Introducing David Newman
Dr David Newman is Dean of the Faculty of Humanities and Social Sciences at Ben-Gurion University of the Negev. He obtained his degrees at the University of London and the University of Durham (both in UK). Dr Newman teaches political geography and his research areas include territorial dimensions of ethnic conflict and the contemporary significance and functions of borders. Since 1998, Newman has been the chief editor of the journal, Geopolitics, a quarterly academic peer-reviewed journal published by Taylor & Francis.
Moreover, he has also been involved in peace-related processes and the public debate concerning the role of politics in science and the nature of academic freedom.
My relationship with geopolitics
My interest in the Middle East and in particular the Arab-Israel conflict, along with the fact that this had obvious wider regional and global implications than simply the local context. The power of territory in the conflict and the fact that borders were still being fought over rather than removed.
Also the powerful regional and global impact of religion in determining geopolitical positions – it should have been taken account of from the beginning rather than dismissed as being irrelevant.
Which geopolitical topics have your focus and why did you choose especially these?
In addition to the Middle East, the European context in which I grew up. As a young schoolboy there was the debate over the UK’s membership of the EU, starting with De Gaulle’s famous ‘non’, followed by the referendum – which was unique for Britain – and the fact that I was, and still am, a strongly pro-European as an alternative to national ideologies.
What do you consider your most important contribution to geopolitics?
I have edited the main journal in this field for the past twelve years and have watched it grow and broaden its scope. It has expanded its inter disciplinary coverage and has attracted more theoretical and conceptual submissions than simply foreign policy case study analyses.
I have also been involved in the public discourse concerning the Middle East and Israel/Palestine with my weekly political column which is published in the Jerusalem Post. This attracts a large number of internet readers and often results in heated exchange of views and ideas – but it enables the link to be made between the academic and the real world public discourse in a situation of intense and emotive conflict.
Your geopolitical preferences
What is your favourite definition of geopolitics?
I don’t focus too much on semantics and definitions.
Geopolitics and Political Geography are two sides of the same coin. They concern the interface between political process and the formation of space (territory). Territory is, for me, as much a dynamic element and an input to the process itself, not just a physical or static outcome of the political decision making process.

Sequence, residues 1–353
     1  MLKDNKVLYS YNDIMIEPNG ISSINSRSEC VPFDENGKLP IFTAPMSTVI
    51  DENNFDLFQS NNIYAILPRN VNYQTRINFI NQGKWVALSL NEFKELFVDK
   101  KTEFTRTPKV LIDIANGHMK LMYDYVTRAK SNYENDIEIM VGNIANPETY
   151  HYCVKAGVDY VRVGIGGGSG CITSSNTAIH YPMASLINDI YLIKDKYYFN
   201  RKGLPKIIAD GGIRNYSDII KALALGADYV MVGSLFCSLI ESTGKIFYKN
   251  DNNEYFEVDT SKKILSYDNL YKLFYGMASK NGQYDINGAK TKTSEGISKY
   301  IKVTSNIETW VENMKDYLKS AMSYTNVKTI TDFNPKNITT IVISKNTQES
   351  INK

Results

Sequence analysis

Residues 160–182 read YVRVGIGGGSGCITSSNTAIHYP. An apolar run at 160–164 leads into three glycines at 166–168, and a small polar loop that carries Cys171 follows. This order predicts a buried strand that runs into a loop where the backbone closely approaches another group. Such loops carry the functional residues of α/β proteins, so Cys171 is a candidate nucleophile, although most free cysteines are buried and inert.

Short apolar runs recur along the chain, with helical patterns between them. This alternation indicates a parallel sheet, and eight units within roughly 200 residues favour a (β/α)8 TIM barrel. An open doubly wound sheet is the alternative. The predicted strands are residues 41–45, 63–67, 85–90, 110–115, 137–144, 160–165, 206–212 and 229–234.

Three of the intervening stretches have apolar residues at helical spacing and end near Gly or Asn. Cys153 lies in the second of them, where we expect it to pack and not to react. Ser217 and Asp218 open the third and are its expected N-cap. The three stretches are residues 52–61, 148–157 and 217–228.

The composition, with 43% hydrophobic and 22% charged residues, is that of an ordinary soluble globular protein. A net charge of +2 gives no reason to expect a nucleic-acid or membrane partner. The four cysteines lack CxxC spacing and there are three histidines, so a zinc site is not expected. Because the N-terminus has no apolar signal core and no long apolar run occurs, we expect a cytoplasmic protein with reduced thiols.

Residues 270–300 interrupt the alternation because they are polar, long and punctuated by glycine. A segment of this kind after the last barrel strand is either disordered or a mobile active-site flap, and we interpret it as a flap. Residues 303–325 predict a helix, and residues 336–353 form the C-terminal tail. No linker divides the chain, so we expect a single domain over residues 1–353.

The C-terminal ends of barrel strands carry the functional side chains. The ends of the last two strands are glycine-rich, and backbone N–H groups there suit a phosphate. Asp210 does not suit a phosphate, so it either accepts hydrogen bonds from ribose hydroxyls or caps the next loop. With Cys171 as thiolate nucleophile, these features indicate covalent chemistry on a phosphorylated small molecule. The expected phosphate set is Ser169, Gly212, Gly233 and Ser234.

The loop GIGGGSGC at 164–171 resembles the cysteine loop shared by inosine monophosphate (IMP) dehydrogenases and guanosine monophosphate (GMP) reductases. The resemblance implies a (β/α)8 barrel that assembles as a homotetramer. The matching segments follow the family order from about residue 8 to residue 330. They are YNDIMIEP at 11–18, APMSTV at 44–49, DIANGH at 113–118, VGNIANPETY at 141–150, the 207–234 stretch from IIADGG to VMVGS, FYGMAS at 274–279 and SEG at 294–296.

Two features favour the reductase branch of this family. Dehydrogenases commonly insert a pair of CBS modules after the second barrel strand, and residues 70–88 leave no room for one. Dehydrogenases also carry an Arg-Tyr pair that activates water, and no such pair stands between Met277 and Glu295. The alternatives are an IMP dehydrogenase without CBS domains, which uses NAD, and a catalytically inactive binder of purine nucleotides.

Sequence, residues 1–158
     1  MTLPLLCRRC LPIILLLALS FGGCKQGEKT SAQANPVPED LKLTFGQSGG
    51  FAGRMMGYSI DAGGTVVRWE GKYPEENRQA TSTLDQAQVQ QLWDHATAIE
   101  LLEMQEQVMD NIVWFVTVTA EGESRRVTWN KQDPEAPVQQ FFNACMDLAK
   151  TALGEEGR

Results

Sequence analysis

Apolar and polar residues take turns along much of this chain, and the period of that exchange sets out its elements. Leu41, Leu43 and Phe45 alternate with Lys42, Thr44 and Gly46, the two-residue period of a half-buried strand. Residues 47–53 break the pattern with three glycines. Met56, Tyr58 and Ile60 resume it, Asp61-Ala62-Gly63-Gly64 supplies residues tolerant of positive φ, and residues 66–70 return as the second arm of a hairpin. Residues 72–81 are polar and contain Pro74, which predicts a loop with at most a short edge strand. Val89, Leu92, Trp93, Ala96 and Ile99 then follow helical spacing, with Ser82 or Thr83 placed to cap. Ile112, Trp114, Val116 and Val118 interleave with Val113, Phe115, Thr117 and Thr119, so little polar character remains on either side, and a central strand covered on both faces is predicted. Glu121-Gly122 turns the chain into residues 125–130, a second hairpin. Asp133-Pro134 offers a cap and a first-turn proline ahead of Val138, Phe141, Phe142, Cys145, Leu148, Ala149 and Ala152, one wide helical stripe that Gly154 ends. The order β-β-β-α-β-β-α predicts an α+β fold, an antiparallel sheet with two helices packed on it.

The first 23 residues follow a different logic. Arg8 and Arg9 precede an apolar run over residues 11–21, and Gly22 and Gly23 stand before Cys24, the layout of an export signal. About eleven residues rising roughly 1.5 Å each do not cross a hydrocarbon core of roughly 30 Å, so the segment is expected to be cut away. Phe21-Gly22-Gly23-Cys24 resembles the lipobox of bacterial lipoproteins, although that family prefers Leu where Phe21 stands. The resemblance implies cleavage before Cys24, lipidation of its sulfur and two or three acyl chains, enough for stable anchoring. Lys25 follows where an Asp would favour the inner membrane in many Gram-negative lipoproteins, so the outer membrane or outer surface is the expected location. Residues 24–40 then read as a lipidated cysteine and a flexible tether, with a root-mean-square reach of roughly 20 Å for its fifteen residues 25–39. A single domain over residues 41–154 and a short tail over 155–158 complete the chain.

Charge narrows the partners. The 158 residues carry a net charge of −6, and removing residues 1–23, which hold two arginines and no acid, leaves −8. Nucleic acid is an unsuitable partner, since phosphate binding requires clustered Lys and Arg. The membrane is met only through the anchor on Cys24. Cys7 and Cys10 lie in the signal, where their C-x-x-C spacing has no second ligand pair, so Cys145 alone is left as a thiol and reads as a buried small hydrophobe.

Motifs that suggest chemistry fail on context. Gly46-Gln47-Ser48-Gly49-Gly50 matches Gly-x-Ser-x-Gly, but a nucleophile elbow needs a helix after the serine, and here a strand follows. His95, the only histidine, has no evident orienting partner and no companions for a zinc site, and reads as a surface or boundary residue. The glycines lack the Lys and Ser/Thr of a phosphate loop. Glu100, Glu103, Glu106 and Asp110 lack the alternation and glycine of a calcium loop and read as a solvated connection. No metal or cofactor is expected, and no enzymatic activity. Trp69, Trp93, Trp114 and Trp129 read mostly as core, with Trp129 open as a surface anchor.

Which geopolitical scientist do you admire the most?
I believe that one of the scholars who best links the world of academic Political geography with the real world IR and Geopolitics is John Agnew from UCLA – he is also former co-editor of the journal Geopolitics.
What is your favourite geopolitical book?
There are many out there and the number is increasing. In addition to textbooks, there are some excellent narratives of foreign policy decision making of past diplomats and leaders, enabling an insight into how geopolitics has undergone its own real world dynamic.
What is your favourite geopolitical website?
The geopolitical future
In what direction(s) will geopolitical science be heading the coming decades?
It will develop into two parallel areas. It will continue to focus on analytical and narrative case studies, as responses to global changes.
But as an academic subject, it will strengthen its theoretical base, as it attempts to understand the significance and functions of territory and space – the geographical – within the global political arena. It will continue to move beyond the limited understandings of State territories and focus more strongly on diverse understandings of space and the way in which it is compartmentalised at a global scale.
Which geopolitical subject has been too little in the spotlight and needs further research?
We don’t understand enough about the geopolitical and global underpinnings of religion and, more recently, religious fundamentalism.
These are powerful global phenomenon (and were so long before the social scientists invented globalization) and rather than decrease in the face of a modern secular world, they have been mounting a comeback and now impact the national policies of many States – be it through terrorism or through peaceful means.
What will be the largest geopolitical challenge for the world in the 21st century?
It is impossible to say.
It is unlikely that at the beginning of the past century, religious thought would have been singled out and this will remain a major issue for the foreseeable future.
The ability of the world to deal with changing notions and functions of sovereignty, of absolute control, will continue to be a major issue within the world of geopolitics.